The Truth Behind Three Health Systems Myths: Part Two

By Alex Minkoff |

Controlling costs while maintaining quality care can feel like walking a tightrope sans the safety net. The good news? Drug procurement presents a huge opportunity for health system pharmacies to identify cost savings opportunities. But first they’ll have to overcome a common myth related to what it really means to save on drugs.

Myth #2: All the pharmacy needs to do to save money is buy the cheapest drugs. 

Truth: Although a complete misperception, it’s one some hospital leadership teams can’t shake — undoubtedly fueled by dynamic drug pricing. But the ability to manage against the hospital’s budget isn’t tied to drug prices so much as it is to the total drug purchasing picture, including drug manufacturers, wholesalers, 340B programs, GPOs and more. So what do hospitals need to do in order to see the bigger picture? Leverage data. Data is what drives visibility, accurate forecasting and ultimately, savings.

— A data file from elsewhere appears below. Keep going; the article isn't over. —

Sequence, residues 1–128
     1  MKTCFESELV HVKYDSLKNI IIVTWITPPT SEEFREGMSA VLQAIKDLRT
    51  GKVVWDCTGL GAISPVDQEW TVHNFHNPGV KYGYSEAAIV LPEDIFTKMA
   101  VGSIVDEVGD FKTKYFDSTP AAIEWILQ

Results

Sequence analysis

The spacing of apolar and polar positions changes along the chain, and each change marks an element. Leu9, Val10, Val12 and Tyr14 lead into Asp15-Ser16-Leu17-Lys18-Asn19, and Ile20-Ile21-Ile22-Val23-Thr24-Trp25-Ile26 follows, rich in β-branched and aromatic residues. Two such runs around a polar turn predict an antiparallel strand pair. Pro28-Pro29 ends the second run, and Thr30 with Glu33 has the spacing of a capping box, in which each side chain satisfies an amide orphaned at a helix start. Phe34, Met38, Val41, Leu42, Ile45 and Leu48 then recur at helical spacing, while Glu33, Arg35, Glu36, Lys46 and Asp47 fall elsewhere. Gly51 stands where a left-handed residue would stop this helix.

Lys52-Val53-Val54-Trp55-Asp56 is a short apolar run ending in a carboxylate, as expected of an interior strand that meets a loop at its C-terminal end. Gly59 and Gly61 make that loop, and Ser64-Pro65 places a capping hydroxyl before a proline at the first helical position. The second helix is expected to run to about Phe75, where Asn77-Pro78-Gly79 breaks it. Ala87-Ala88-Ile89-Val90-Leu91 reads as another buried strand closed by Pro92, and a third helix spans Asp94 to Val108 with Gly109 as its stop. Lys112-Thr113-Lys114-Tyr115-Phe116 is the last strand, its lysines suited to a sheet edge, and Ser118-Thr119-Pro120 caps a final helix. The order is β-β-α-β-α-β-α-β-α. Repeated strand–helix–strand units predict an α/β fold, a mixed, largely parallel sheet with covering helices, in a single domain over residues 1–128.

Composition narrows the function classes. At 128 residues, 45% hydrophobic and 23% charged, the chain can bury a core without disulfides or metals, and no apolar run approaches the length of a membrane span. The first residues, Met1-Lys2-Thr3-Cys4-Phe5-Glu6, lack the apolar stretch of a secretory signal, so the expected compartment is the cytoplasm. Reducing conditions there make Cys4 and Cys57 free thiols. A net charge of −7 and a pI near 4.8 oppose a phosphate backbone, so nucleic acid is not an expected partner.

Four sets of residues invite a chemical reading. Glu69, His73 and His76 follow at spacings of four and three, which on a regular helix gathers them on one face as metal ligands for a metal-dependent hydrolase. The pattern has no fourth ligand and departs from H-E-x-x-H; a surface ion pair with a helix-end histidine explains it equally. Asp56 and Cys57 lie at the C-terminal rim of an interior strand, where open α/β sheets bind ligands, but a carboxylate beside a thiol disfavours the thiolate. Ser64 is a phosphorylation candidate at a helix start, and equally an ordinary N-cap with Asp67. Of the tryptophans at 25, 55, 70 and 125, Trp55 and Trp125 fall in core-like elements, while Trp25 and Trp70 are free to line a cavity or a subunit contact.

By harnessing purchasing data with diagnostic tools that pull data into a centralized repository and offer advanced reporting, analysis and forecasting, the pharmacy can:

  • Identify top areas of drug spend and key drivers of drug costs by drug and therapeutic category
  • Evaluate changes over time and measure the impact of utilization and inflation on purchase trends
  • Forecast future drug expenditures and measure the effects of cost-reduction efforts
  • Explain drug cost increases and variances from planned expenses
  • Stay on top of drug shortages and their impact on budgets
  • Support pharmacy operations planning and decision making to mitigate drug cost increases and identify drug-cost reduction opportunities

When it comes to the health system’s drug spend, seeing the bigger picture in this way is often far more effective for finding efficiencies and maximizing the impact of medications on outcomes than line item reviews of single drug costs.

In Part 3, we explore the myth surrounding what it takes to manage an ambulatory pharmacy.

About the Author

Alex Minkoff

Senior Director, Health Systems Strategy 
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